“We have certainly taken a different approach to other teams. We have taken a lot of people from Formula One — Martin Whitmarsh [former team principal of McLaren] and Richard Hopkirk, who used to be Lewis Hamilton’s race engineer. My thinking was that given the control systems are now so critical we don’t necessarily have that expertise in the marine industry.
“Effectively the key challenge is that we have four or five grinders creating the power for the systems on the boat. And they are literally right up against it. If your systems aren’t efficient enough you won’t make it around the course. You will keep running out of oil.
“You have two accumulators which you are constantly filling up. And each manoeuvre, depending on how efficient you are, will take one or two of those accumulators away. And then you’re done. You’ve got no energy left and you have to make another manoeuvre in 60 seconds. So that is really the big challenge of this cup.
“It comes down to how efficient your valves are, how stable your boat is. Because if it is really unstable and you are constantly adjusting then you are obviously using more oil pressure. So that, in a basic sense, is the challenge we are up against.”
How size and speed compare
- Land Rover BAR boat
- F1 Car
- Moto GP bike
- Track bike
A fascinating combination of brute strength and tactical wit will be required on the turquoise waters of Bermuda’s Great Sound. “It’s a perfect natural course, like a lagoon. It’s going to be the most amazing spectacle,” he says.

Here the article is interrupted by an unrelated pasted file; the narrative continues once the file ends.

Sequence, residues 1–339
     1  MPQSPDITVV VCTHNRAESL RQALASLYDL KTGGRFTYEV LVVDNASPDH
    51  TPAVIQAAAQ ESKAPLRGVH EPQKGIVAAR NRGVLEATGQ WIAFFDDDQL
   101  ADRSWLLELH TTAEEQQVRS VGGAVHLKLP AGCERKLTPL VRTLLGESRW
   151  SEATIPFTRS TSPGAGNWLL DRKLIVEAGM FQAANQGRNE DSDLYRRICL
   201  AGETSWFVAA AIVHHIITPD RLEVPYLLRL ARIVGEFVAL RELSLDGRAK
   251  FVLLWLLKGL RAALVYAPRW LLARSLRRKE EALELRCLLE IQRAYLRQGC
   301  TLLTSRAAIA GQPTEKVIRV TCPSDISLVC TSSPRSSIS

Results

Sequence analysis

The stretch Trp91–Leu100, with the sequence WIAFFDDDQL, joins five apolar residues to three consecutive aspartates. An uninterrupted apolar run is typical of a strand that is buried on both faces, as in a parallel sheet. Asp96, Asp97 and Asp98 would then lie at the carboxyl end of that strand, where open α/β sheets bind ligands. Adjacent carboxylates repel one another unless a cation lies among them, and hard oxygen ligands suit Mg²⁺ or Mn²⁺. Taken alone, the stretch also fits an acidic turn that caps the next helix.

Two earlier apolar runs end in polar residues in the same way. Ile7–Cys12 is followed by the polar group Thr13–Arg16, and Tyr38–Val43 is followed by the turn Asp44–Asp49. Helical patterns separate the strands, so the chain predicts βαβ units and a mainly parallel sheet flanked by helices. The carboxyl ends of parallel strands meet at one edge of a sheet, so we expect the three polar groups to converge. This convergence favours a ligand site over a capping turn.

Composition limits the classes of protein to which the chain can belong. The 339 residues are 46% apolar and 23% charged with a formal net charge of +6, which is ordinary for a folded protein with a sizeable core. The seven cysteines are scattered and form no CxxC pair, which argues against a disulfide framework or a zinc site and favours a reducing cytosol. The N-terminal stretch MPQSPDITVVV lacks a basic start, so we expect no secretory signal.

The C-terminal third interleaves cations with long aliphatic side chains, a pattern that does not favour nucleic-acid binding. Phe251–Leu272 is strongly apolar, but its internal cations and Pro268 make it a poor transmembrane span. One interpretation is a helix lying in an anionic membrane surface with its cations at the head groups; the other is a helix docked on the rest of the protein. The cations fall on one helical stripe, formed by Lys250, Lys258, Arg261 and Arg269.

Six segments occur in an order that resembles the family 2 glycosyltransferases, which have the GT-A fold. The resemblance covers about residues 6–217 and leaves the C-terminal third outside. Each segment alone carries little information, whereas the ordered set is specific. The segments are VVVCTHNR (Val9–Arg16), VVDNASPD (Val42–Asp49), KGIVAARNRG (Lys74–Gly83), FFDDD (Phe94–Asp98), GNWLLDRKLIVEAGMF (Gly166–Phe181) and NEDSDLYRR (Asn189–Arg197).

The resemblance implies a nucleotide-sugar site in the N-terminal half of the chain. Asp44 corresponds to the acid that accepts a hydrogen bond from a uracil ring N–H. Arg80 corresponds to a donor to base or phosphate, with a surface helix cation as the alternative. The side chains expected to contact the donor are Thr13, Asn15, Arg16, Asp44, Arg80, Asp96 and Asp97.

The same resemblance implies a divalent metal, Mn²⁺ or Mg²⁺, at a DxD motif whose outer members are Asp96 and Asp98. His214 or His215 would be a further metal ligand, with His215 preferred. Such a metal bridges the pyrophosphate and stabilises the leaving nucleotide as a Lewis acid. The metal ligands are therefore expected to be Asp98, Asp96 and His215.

Despite Bermuda’s status as a British Overseas Territory, the home crowd is likely to be behind Oracle USA, the holders who brought the race to this island. Great Britain would defend its title in Portsmouth in 2019 if all goes to plan. But Ainslie is hopeful that British public back home will be gripped by his tilt at history. “It’s an event we’ve never won. It’s like the Tour de France. The public really got behind that. If we have a shot at winning, it will be huge.
“It sounds a little bit corny but we started this race around the Isle of Wight, the Americans came and took it back to New York Harbour and we haven’t seen it since. As proud Brits with our maritime heritage, we’ve got to sort that out.
“British sport is doing really well. There’s maybe a changed mentality in the last ten years. Andy Murray on top of the tennis world, the Olympics, cycling is a great example. If we can get this team up there . . . ”
After such a long wait, it is hard to keep hopes in check. “We are realistic,” he adds. “Only one team has won at the first attempt in 166 years.” If he does fall short, he will be back again, though Ainslie does not tend to do defeats.
“It hasn’t all been glory,” he says. “There have been a few bumps down the road. But yes, I’m not very good at not achieving the goals I set out.”
This mission — winning the America’s Cup for Great Britain — was established when he was ten watching those boats off Falmouth. Ainslie has a record of fulfilling his sporting dreams.